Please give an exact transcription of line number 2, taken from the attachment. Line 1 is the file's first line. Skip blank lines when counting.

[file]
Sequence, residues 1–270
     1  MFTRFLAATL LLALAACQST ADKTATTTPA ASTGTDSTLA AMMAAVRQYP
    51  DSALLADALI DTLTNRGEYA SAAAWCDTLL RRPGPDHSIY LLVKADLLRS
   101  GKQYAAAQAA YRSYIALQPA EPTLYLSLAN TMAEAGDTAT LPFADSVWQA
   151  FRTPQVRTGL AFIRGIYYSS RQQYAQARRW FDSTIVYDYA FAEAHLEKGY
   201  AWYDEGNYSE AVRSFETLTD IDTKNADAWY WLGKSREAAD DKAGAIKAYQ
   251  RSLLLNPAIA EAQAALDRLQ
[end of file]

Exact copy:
     1  MFTRFLAATL LLALAACQST ADKTATTTPA ASTGTDSTLA AMMAAVRQYP